Bad news for lovers of smaller phones: The iPhone 12 mini has sold poorly compared to other phones in the iPhone 12 lineup—poorly enough that analysts wonder whether Apple will remain committed to the smaller phone design moving forward.
A data firm called Counterpoint Research found that the iPhone 12 mini accounted for just 5 percent of overall sales from the company’s smartphone lineup in early January. And J.P. Morgan analyst William Yang told Reuters that screens under 6 inches now account for only 10 percent of smartphones sold industry-wide.
The data from Counterpoint is not the first to tell this story. Consumer Intelligence Research Partners (CIRP) broke down iPhone 12 lineup sales in detail last month. They found that the iPhone 12 Pro and 12 Pro Max made up about 20 percent of sales from the larger iPhone 12 lineup during the launch window, while the non-Pro, 6.1-inch iPhone 12 accounted for 27 percent.
But they also said the iPhone 12 mini “likely disappointed Apple” with only 6 percent of sales during the period measured—pretty close to the number Counterpoint shared a couple of months later.
Wave7 Research, another research firm, also estimated that the iPhone 12 mini accounted for 5 percent of iPhone 12 sales in the US. And Flurry Analytics declared the mini the least successful iPhone launch in the past three years.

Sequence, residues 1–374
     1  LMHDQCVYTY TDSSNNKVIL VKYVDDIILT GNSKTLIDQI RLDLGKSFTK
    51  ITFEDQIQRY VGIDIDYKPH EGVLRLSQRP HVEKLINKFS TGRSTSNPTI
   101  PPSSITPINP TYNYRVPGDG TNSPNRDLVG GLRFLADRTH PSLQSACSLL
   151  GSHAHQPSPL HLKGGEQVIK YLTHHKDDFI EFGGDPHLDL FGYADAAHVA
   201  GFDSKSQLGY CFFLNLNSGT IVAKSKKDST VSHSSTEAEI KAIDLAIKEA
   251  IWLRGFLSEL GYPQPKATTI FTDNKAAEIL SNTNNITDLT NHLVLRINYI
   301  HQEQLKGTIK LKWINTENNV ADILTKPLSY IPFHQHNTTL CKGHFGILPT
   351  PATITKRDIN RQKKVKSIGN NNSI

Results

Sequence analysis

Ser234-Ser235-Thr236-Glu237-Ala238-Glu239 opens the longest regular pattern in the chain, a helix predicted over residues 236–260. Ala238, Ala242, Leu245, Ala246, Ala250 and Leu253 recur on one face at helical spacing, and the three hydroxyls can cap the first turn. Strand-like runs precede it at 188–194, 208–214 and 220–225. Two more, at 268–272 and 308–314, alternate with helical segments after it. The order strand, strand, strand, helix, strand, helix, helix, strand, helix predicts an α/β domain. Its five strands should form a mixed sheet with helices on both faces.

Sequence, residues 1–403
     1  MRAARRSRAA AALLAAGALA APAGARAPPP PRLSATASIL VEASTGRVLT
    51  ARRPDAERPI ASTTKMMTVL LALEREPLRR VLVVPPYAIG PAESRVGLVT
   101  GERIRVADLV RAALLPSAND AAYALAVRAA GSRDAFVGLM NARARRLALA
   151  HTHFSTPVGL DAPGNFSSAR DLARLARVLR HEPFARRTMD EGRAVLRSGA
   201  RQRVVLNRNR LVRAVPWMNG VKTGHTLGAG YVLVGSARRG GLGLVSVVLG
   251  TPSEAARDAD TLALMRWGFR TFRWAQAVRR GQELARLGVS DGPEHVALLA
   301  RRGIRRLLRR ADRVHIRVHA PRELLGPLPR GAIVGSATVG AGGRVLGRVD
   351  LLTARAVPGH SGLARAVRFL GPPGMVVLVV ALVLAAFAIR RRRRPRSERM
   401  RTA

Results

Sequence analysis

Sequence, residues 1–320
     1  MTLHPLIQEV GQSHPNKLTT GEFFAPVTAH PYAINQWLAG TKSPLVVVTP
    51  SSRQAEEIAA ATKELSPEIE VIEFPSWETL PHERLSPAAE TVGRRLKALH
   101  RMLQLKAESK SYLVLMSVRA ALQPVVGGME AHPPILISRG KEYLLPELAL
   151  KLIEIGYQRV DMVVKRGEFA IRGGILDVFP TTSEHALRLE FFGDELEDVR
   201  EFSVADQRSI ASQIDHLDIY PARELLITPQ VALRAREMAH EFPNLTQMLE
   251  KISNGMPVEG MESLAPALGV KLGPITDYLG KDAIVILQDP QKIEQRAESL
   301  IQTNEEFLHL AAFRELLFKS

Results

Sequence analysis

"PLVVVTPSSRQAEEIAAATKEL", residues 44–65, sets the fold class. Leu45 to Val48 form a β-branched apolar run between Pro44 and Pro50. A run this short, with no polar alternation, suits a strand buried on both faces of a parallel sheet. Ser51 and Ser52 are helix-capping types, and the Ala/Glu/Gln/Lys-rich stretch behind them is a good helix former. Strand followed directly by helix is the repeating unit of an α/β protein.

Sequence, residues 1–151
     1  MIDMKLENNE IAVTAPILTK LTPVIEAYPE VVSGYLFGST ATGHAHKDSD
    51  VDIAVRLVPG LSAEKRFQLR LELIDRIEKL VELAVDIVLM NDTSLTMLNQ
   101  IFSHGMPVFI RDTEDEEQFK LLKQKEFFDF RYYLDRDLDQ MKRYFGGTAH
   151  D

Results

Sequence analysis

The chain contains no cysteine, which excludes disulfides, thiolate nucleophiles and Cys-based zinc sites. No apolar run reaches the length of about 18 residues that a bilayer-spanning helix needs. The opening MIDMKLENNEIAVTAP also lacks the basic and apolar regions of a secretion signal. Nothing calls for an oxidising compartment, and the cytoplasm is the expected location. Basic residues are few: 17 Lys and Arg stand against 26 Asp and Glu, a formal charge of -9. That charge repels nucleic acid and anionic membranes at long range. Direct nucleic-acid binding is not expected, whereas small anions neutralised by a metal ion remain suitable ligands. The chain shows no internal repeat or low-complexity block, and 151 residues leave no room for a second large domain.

While all this data shows that the iPhone 12 mini has underperformed, it doesn’t tell us why. According to CIRP’s data, the also-small iPhone SE performed a little better (likely due to its significantly lower price) but it still didn’t make up a huge chunk of sales:
So while it’s possible that the iPhone 12 mini’s slow sales are partially a result of cannibalization by the cheaper SE, small phones are clearly not doing well in general.
When we reviewed the iPhone 12 lineup, we named the iPhone 12 mini as a favorite. There’s a vocal crowd of smartphone users who see easy one-handed use as critically important, but these numbers indicate they are a minority.
There are a lot of reasons why small phones are less popular now. For one thing, users are consuming more rich media content. Many people watch as much TV and film on their phones as they do on their TVs now, and some social media platforms like TikTok and Snapchat are focused on rich media that may be more enjoyable to some on a larger display.
People are doing more heavy duty work on smartphones now, too, as evidenced by robust versions of applications like Word and a plethora of video and photo editing apps dominating the charts on the App Store. (It’s a similar story over on the Android side.)
Despite those trends, the iPhone 12 mini seemed like it could be a moment of triumph for small-phone lovers—a chance for small phones to prove their market viability so this march to ever-larger screens could stop, at least for those who don’t want those larger screens.
But if anything, these sales numbers make the future of one-handed smartphones look even dimmer than before.
Listing image by Samuel Axon